Slavic Languages and Literatures | Interwar Central Europe: Cultural Florescence And Apocalyptic Vision
C565 | ALL | Volkova


Crosslisted in: Slavic Dept., REEI, Comparative Literature and West European Studies

The years between the two world wars presented a curious paradox in the heartland of Europe, Austria, Germany, Czechoslovakia, Hungary, Poland; for this area of Europe presented both a particularly rich cultural florescence and an especially acute apocaly
ptic perspective.

In the area of science and the arts, the region was especially fertile in the decades between the wars: the development of Freudian and Jungian psychoanalysis, the theory of relativity, quantum mechanics, the linguistic, semiotic and aesthetic theories of
the Prague Linguistic Circle, to name only a few, were achievements which were to be of signal influence on scientific thought the world over. In the arts, the development of dada, poetism, and surrealism, the achievements of modern cinema, the music of
Hindemith, Schnberg, Webern, Martin, Bartk, Kodly, Janek, were achievements that placed Central Europe in the forefront of European art. On the other hand, the frightening depression which hit the area perhaps with more powerful blows than any other Europ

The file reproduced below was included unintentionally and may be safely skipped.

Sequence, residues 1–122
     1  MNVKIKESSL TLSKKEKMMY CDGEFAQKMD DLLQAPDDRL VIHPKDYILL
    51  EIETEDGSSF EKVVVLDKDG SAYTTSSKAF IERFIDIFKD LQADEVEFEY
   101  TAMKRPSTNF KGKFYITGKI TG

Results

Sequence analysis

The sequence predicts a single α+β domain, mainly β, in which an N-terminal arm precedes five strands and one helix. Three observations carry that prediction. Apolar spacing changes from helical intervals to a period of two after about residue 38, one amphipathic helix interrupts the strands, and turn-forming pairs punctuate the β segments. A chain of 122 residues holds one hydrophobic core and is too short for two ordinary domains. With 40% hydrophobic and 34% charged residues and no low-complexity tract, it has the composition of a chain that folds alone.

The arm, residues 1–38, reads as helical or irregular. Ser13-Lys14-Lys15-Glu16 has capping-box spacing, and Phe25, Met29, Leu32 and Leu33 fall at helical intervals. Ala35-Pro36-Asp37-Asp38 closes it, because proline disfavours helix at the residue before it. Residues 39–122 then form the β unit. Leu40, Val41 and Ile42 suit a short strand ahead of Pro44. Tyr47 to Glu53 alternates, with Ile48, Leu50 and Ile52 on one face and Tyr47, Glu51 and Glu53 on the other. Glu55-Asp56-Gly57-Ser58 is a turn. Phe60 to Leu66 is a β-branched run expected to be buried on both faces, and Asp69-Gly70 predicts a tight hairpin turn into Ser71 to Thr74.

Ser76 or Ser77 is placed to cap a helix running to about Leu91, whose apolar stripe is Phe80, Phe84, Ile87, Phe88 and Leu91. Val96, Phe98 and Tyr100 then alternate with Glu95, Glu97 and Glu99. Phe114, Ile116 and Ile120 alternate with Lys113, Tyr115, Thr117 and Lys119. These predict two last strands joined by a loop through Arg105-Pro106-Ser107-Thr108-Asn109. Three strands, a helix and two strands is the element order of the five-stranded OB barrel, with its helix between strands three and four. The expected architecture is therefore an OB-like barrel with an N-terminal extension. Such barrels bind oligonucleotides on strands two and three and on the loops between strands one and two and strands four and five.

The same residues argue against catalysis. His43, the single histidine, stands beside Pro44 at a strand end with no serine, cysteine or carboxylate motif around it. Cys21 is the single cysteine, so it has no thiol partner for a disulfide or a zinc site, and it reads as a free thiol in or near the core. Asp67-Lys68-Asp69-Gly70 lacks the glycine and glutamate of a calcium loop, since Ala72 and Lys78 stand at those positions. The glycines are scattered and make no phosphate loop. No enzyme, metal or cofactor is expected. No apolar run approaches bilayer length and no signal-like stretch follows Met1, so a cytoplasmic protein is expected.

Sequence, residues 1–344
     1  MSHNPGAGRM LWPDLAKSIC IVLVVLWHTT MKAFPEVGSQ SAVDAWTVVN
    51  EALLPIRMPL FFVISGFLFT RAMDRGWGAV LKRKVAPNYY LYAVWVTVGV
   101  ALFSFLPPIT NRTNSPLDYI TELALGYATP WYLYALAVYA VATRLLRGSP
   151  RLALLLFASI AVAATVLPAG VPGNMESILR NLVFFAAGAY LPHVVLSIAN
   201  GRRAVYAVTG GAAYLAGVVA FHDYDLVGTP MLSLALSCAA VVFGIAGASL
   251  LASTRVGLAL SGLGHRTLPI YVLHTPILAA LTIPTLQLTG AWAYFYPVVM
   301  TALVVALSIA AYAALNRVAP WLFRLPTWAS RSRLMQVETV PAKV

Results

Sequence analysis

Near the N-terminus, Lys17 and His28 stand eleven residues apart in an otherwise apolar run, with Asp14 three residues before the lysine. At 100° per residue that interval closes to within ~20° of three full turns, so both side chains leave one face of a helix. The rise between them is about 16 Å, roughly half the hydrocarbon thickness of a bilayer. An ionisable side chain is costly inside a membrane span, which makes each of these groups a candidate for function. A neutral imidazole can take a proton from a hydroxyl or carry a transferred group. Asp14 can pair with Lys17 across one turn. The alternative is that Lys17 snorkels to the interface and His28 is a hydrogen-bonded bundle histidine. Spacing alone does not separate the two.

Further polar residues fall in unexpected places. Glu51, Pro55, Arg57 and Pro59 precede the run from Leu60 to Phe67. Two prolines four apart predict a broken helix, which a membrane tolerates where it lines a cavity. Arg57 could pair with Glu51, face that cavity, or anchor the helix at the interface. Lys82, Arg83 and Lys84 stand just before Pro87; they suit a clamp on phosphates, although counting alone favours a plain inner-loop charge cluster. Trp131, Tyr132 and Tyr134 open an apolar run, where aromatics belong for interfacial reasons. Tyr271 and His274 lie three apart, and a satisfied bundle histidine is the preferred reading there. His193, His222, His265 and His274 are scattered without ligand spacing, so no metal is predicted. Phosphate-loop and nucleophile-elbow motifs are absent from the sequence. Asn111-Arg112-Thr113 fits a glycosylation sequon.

ean region, the strident social and political unrest, the Hungarian Civil War, the Austrian Civil War, the growth of German Fascism, and finally the Anschluss of Austria, the Munich pact and the occupation of Czechoslovakia marked a straight road that poi
nted to the Second World War. It was in this paradox that the Central European consciousness was formed.

The course adopts an intersystemic approach and attempts to link the political threats hanging over the area and the scientific and artistic achievements of the period without, however, reducing one to the other. Special emphasis is laid on the role of th
e Jews in the crossemination of the intellectual climate. The issue of crisis of human values is explored and a syncretic and integrative picture of these years is focused on.

Readings will be predominantly from history books and novels (in English translation). Excerpts from Dblin, Musil, Th. Mann, Broch,  S. Zweig, K. apek, Kafka, Holan, Halas, Orten, Seifert, Witkacy, Schulz will be among the assigned readings. There will be
guest lectures and film screenings.

Requirements:  Paper (15 to 20 pages), class participation